#Forensics scandal – Reinstated Scottish fingerprint expert gets the boot – again

Fingerprint comparison can be a subjective technique (www.clpex.com)

Is there a common source for these prints?

Shirley McKie was and maybe still is, a fingerprint detective with a Scottish police agency. In the late 90’s she was part of a murder investigation that centered on identifying the man later convicted but released years later. The fingerprint of defendant Asbury was found on a tin at the murder scene. Collection of other unknown prints brought up detective McKie’s on a door frame, according to staff examiners. During criminal proceedings, McKie denied having been at the crime scene. That brought into question the integrity of the crime scene processing (the OJ defense) which led to Asbury’s overturned conviction.

Some very upset prosecutors put the detective on trial for perjury in 1998. She was acquitted in 1999.

She got canned.

She sued. More than once. Political inquiries then abounded.

“Furthermore, a member of the Scottish Parliament somewhat unusually invited fingerprint experts from around the world to examine the prints. 171 experts from numerous countries all reached the same conclusion – that the two latent prints [ errata: McKie’s archived 10 print and the door frame evidence ] did not match.”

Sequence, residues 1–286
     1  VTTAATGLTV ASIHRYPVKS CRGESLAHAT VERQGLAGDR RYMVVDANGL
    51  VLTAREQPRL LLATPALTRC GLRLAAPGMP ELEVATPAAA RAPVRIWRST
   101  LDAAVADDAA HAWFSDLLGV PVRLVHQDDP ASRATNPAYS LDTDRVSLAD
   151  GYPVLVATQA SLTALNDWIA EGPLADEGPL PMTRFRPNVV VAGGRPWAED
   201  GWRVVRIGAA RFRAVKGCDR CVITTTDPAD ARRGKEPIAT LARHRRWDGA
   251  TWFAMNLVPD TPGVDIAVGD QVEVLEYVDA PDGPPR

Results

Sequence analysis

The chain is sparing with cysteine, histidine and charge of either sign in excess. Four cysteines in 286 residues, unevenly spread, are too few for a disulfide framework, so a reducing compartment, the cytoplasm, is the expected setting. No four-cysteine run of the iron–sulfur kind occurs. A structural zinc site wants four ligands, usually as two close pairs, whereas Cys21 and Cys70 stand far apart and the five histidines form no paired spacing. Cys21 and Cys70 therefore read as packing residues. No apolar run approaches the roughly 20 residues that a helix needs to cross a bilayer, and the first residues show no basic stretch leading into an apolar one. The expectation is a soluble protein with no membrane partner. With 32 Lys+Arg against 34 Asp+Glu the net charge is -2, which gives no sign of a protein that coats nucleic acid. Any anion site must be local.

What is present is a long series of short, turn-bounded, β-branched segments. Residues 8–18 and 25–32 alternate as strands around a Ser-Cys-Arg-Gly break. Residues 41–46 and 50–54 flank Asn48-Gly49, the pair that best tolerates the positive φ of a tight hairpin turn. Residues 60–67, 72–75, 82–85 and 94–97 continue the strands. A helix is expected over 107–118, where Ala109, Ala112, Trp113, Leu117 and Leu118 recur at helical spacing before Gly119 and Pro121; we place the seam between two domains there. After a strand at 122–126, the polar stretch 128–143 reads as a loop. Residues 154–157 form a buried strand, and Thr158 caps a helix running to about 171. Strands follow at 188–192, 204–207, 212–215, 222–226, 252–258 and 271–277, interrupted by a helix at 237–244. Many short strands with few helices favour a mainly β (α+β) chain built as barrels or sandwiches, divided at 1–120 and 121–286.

The four in-house Scot print examiners later were cobbled up in this mess and most retired.

Two compensation packages were awarded. The first was for L750,000. The most recent amounted to L300,000  for back pay since 2007. Plus a court order to be reinstated at her job at the Scottish Police Authority.

That last part didn’t happen, as after 10 years being off the job, the cops locked her out this week when she arrived for her shift.

One determined lady. Kudos.

Forensic Failures: The Shirley McKie Fingerprint Scandal (2015).

The story up to 2011 that is on Wikipedia.  (caveat emptor).






About csidds

Dr. Michael Bowers is a long time forensic consultant in the US and international court systems.
This entry was posted in Crime lab scandal, criminal justice reform and tagged , , , , . Bookmark the permalink.

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